Traditional Chinese Art and Crafts
Chinese art, like Chinese literature, goes back many centuries.
Random photo: Impressions of China
Early themes were developed from religious and supernatural beliefs or from the natural environment and landscape. Chinese paintingis rooted in the decorative striations or patterns on prehistoric pottery. Archeologists call the ancient Chinese vessels with their beautiful markingspainted pottery. Chinese paintings are generally placed in one of four categories: Religious, Portraits, Landscapes, or Flora and Fauna. Religious paintings usually represent Buddhas and Taos Gods. Portraits depict courtesans, emperors, and villages from the past. Landscapes and Flora and Fauna paintings portray the central place of nature in Chinese thought.
The magnificent life-size terra-cotta statues of men and horses, discovered in the early 1970s in the tomb of an emperor who died in 210 BC, provide some indication of the long history ofChinese sculpture. After the introduction ofBuddhisminto China, Buddhist subjects became dominant themes of the sculptor's art. Perhaps best known (and most copied) in the West, however, are the works of Chinese decorative artists, such as pottery,bronzes, lacquer ware, and exquisitely detailedjadeand ivory carvings.
The Chinese were master craftsmen and produced fine sculpture, especially in bronze. Although bronze casting existed a thousand years earlier, it was in the Chou period (1122-221 BC) that China developed the art to its peak.
One of the most magnificent archaeological finds of the century was the tomb of Shi Huangdi at Xi'an, China. In March 1974 an underground chamber was found containing an army of more than 6,000 life-size terra-cotta soldiers of the late 3rd century BC. Other nearby chambers contained more than 1,400 ceramic figures of cavalrymen and chariots, all arranged in battle formation.
In China the potter's workmanship was lifted above the utilitarian level and became a fine art. The great work of the imperial potters at the peak of their excellence has never been equaled in modern times.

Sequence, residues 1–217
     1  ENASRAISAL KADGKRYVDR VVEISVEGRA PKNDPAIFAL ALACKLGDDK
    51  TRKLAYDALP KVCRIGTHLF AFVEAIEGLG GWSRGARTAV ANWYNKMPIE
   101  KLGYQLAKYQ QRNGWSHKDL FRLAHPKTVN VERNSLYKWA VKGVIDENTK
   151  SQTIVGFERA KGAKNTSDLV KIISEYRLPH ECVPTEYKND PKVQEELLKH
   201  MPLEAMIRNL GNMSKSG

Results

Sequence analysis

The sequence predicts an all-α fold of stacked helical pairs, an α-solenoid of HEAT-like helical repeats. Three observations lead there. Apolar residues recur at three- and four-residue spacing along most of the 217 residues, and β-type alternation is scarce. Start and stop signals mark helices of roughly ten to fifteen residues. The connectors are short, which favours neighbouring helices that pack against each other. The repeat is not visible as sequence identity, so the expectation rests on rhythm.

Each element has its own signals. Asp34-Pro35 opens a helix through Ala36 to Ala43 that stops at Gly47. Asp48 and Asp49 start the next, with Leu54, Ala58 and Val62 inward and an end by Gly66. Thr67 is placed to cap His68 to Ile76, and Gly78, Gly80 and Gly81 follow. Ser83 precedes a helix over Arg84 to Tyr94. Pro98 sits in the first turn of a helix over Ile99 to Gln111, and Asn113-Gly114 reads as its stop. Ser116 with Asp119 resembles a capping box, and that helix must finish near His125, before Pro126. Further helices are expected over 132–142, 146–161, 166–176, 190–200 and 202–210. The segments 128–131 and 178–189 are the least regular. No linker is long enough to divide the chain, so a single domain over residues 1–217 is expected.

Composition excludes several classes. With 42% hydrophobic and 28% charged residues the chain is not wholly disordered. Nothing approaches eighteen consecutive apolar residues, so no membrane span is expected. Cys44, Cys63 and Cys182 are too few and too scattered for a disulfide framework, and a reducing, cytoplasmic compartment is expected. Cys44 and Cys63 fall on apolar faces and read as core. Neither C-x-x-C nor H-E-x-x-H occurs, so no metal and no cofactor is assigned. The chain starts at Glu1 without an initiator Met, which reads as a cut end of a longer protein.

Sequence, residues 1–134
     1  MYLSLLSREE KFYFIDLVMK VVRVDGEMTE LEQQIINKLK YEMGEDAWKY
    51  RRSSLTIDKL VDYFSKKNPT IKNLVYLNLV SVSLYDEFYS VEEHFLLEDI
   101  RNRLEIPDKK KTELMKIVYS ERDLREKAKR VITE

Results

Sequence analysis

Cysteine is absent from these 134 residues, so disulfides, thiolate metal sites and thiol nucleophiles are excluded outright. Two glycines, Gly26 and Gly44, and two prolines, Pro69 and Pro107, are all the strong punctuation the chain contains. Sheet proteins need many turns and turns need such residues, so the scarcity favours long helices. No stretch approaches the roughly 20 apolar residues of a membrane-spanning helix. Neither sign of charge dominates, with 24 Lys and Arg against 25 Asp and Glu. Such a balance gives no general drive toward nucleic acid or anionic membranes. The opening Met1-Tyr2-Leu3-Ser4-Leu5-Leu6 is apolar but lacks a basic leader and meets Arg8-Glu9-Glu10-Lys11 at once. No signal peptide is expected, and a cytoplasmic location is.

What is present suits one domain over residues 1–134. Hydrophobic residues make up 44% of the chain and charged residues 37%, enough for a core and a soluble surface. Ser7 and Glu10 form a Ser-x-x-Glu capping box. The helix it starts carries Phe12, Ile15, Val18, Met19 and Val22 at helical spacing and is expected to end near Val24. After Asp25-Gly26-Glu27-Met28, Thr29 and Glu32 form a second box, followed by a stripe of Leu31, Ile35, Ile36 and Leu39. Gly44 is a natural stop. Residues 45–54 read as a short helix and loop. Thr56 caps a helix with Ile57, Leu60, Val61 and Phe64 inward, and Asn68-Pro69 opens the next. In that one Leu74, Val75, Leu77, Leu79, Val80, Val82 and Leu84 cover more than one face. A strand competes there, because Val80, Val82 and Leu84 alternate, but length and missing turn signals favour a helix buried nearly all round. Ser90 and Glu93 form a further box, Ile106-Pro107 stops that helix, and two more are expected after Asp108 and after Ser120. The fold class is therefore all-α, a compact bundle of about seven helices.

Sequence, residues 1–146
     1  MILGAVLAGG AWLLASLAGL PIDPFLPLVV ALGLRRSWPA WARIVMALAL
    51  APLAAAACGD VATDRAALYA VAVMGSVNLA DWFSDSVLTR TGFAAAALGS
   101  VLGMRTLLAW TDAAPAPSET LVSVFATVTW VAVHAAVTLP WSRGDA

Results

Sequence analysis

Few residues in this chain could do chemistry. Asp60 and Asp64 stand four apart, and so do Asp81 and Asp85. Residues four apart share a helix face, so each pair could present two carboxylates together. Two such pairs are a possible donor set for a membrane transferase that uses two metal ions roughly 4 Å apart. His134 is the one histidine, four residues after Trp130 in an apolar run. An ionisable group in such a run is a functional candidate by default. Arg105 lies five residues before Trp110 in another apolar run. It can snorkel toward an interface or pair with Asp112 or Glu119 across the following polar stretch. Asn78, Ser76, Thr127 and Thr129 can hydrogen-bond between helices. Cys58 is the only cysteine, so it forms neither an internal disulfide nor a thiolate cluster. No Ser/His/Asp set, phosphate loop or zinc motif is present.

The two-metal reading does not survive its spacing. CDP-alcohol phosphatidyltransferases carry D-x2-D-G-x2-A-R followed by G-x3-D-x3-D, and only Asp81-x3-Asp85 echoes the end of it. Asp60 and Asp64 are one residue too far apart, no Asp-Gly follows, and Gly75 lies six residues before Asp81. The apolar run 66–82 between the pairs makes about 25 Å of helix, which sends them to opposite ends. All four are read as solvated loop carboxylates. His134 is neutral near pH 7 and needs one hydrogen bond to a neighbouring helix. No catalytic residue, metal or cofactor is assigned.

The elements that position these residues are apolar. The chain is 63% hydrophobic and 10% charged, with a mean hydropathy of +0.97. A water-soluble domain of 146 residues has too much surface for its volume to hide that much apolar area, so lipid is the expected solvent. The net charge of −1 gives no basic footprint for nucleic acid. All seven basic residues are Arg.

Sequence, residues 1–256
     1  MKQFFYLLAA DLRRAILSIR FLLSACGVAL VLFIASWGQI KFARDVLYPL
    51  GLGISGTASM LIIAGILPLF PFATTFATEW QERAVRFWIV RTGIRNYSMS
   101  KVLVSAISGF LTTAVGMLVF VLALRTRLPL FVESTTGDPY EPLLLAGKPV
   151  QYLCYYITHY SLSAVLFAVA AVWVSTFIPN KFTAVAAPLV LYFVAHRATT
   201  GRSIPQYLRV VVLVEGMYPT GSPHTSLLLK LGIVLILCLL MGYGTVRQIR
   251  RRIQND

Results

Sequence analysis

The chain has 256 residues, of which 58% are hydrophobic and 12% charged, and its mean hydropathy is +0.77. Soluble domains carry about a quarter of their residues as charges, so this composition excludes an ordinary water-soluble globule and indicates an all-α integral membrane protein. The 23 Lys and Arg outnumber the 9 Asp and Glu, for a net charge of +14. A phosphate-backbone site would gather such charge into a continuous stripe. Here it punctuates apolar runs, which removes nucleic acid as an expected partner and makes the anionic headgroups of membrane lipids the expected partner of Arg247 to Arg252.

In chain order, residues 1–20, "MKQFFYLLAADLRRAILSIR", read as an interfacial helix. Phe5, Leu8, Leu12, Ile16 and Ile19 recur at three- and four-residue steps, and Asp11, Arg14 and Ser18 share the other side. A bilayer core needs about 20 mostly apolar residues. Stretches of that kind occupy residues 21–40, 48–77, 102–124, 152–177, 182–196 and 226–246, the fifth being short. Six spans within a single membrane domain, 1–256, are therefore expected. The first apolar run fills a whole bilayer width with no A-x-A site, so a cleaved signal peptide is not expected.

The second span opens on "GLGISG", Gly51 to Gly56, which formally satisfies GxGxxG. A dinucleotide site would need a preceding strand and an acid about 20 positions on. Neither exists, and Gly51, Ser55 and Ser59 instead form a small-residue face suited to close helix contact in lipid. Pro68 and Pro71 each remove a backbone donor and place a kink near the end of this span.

Chinese folk art is an important part of the country's extremely rich cultural and art heritage. It is as extensive as any in the world. Each section of China had its own styles, and the entire output of art was enormous for both family and community use. The art associated with festivals, weddings, and funerals was extravagant even among the poor, and vestiges of it can still be Seen in Chinese holiday celebrations.
The folk artist is at its best in understanding and depicting life in its wholeness, and apt to show its rhythms and melodies. It relies on its intuition, impressions and memories, as well as experience and understanding of life to grasp the essence of the phenomena or objects he depicts, thus making the artistic images quite different from their original models. In artistic representation and expression, works of folk art are straightforward, natural, flexible, free from affectedness, vivid and intimate.
Paperwas invented in China, and much folk art using paper was devoted to making shop signs and festival objects. The design and execution of wood-block prints has already been noted.
The production of furniture provided some of the finest examples of Chinese folk art. Before the introduction of Buddhism from India in about the 1st century AD, the Chinese used little in the way of furniture, normally sitting on the floor cross-legged or on stools. Buddhism introduced a more formal kind of sitting on chairs with back rests, and with chairs came other types of furniture.
More about Traditional Chinese Art and Crafts
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- Carved Marks
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- Chinese Painting
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- Jade Articles
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- Pottery and Porcelain
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